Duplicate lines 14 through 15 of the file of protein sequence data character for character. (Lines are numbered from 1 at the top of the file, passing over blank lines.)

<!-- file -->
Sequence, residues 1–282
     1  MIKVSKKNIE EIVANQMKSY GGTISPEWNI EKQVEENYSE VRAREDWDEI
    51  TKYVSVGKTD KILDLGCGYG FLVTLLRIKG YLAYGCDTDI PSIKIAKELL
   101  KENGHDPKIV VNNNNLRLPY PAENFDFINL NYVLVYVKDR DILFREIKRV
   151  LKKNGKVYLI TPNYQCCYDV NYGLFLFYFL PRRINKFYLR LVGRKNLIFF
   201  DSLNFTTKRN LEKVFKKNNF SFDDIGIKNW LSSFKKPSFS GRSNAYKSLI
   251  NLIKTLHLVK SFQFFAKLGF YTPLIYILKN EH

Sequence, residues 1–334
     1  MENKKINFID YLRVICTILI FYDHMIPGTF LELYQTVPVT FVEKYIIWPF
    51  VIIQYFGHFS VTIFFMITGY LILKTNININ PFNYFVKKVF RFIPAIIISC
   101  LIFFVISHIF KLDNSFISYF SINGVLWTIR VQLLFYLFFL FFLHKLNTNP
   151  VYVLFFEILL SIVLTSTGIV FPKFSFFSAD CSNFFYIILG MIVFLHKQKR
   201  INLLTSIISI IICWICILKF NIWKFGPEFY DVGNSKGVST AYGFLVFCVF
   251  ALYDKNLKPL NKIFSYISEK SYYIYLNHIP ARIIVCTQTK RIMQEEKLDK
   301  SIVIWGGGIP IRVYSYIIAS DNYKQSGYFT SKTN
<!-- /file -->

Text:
   251  ALYDKNLKPL NKIFSYISEK SYYIYLNHIP ARIIVCTQTK RIMQEEKLDK
   301  SIVIWGGGIP IRVYSYIIAS DNYKQSGYFT SKTN